BAGUETT: [VOICEOVER] Yes, it was about 5 p.m. when we got there. We were getting the place organized to work where the pipeline had been broken. Then they started to launch cylinders stuffed with dynamite against the army, and we were right in between the army and the guerrillas. But, fortunately, nothing happened to us civilians. We had been instructed to lie on the ground, facing down, and to keep our mouths open so that the explosive wave would not rip us apart.

SWAFFORD: Not exactly a typical day at the office. Guerillas also plant mines next to the pipelines, so before workers can start repairs, the army must first clear the site, a process that can take days. We pass by destroyed sections of pipeline that now look like huge over-cooked pieces of pasta twisted and bent in a variety of shapes.

BAGUETT: [VOICEOVER] This is a cemetery of the blown up pieces of pipeline. Look, that is because of the impact of dynamite. Look at that other one, it is even pretty. Who knows how many kilos of explosives they use to leave it like that. They always place the dynamite underneath.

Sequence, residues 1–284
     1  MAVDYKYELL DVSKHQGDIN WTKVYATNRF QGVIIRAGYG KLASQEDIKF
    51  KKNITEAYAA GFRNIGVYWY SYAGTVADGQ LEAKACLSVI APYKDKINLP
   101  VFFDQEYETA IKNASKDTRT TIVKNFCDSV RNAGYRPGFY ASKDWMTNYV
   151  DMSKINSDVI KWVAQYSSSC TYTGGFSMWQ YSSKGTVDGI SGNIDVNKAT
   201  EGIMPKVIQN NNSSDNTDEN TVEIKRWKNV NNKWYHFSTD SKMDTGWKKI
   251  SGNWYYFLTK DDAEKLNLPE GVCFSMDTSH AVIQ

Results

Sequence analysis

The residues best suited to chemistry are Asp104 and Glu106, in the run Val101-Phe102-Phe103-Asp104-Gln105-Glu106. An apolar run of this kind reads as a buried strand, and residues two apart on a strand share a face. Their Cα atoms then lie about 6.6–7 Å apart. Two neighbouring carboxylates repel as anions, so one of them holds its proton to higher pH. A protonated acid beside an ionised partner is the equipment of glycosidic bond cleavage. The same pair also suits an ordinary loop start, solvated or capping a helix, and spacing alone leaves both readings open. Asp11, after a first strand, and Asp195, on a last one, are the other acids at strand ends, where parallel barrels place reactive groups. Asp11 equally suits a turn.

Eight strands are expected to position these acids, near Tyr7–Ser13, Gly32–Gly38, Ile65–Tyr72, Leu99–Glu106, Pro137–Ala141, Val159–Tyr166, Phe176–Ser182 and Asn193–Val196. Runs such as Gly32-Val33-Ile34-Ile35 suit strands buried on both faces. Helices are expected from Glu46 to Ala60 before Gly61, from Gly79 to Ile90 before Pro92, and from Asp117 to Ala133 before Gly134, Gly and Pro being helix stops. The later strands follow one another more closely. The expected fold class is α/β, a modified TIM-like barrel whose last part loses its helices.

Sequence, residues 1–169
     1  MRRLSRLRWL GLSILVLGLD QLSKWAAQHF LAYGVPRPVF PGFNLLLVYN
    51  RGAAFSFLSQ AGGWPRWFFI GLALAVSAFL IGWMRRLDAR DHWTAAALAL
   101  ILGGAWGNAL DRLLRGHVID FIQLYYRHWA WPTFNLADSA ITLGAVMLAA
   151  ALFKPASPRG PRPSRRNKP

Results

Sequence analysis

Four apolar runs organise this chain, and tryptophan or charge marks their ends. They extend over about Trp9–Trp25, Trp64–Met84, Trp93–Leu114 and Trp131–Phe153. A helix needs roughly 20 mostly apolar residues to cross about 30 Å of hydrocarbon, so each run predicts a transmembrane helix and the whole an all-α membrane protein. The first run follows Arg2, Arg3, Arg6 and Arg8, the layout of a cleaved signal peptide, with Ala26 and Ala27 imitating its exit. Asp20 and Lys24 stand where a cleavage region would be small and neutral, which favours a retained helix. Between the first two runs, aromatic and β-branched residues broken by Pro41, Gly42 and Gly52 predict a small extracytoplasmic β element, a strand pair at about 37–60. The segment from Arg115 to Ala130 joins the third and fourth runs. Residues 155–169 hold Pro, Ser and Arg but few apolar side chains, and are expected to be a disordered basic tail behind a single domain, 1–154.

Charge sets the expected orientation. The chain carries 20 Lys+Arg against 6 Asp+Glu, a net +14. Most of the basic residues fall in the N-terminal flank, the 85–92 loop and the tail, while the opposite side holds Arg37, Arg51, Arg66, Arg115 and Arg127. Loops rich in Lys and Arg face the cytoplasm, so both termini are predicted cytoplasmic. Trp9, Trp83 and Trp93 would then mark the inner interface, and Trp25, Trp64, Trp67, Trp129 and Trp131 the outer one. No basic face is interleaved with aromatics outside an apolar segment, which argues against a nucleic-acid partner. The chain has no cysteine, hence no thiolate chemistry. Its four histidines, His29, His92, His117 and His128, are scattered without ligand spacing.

SWAFFORD: We enter one of several warehouses filled with equipment used to scoop up oil and repair pipeline.

BAGUETT: [VOICEOVER] Here we have a piece of equipment that is basically a power unit with rolls that you place on the surface of the river or lake. It has these hydraulic hoses that make the rolls spin and pick up the oil, which is then sent to a portable tank.

SWAFFORD: Baguett also uses suctioning equipment to soak oil from the ground.

BAGUETT: [VOICEOVER] Then we treat the soil with lime and slowly keep working on it until it is ready to be planted again. But when the spill takes place during the rainy season, the oil in the ground tends to resurface somewhere else, carried by the water in the aquifer, affecting places that were not contaminated before.

SWAFFORD: We walk away from the pumping station towards the pipeline. Since the tubes are buried, all I see is a slight change in the color of the grass. The part of the pipeline we're standing on now was attacked last year. The soil is light brown here, and the grass is dead. Ecopetrol biologist Alvaro Rueda.

RUEDA: [VOICEOVER] When I kick the soil, you can see how loose it is. The oil that was spilled last year here is underneath, in this very permeable soil. The deposit is still down there.